The Dallas Cowboys' training camp has seen its share of roster tumult. Both starting wide receivers and the tight end are out with injuries. The starting offensive line can't get on the field together. Key defensive players from Morris Claiborne to Mike Jenkins to Jay Ratliff to DeMarcus Ware have missed time. It's hard to get into the rhythm of preparing for the season when you can't get your full squad on the field.
"You got to have mental toughness," Romo said. "Everybody on the football team, at the end of the day, you have to be at your best, regardless of the circumstance, and that's your approach you got to take as a football team and as each individual."
He can't magically fix the injuries to the Cowboys' best players. He has to deal with what's left of the offensive roster, starting Saturday night against the St. Louis Rams.
Romo joked that he's completed a pass to every backup wide receiver on the roster in every individual drill. The reality is, he might have to do it in the regular season.
This is what Romo needs to be for the Cowboys -- the player who stays steady amid the storm. When you look around the league at the champion quarterbacks who have emerged as their teams' reliable leaders -- Tom Brady, Aaron Rodgers, Drew Brees, Eli Manning -- you see guys about whom their teammates constantly say things like, "He's always the same, no matter what." Romo is at the point in his career at which he has no choice but to be that guy.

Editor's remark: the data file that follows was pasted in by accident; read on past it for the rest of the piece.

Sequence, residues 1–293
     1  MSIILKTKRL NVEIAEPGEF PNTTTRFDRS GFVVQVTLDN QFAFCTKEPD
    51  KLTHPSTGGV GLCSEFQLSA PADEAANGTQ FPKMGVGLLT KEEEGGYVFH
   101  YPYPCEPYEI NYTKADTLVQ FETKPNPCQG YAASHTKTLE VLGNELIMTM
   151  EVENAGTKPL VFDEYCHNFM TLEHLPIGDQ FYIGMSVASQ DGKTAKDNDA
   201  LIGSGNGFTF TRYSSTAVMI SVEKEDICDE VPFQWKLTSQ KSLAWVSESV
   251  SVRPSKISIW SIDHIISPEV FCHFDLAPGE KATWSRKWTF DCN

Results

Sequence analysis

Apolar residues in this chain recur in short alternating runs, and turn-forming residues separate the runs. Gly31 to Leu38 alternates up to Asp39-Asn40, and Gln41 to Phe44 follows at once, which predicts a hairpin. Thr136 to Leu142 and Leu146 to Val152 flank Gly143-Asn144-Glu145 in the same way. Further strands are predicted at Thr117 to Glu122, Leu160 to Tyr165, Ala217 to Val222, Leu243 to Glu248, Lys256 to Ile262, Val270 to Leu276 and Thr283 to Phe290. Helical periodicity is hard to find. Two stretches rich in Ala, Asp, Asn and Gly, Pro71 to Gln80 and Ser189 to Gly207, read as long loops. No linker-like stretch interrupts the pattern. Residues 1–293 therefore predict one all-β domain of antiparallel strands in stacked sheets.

The perception of Romo is, of course, otherwise -- that he's somehow an insufficient leader. This is the result of some bad fourth-quarter interceptions he's thrown and his reputation for coming up small in big games. But outside perception cannot (and does not) concern Romo. His job is to be perceived inside his own locker room as the leader, and the steadying influence in times of uncertainty. When you're around the Cowboys, you can tell that Romo's teammates look at him that way, regardless of outside perception. And as long as he's developed that inside the locker room, it doesn't really matter what anyone else thinks.
This season could offer Romo an opportunity to shore up that reputation -- to emerge as the kind of guy who leads and performs when things around him seem to be falling apart, to be the quarterback who gets the most out of receivers of whom not much is expected. The Cowboys' roster is thin in a couple of important areas and could open the season without some of its key contributors. As long as Romo can stay calm and steady while all of that is going on, he'll be doing his job as the team's leader. Throughout a camp riddled with injuries and other issues, he's clearly managed to be just that.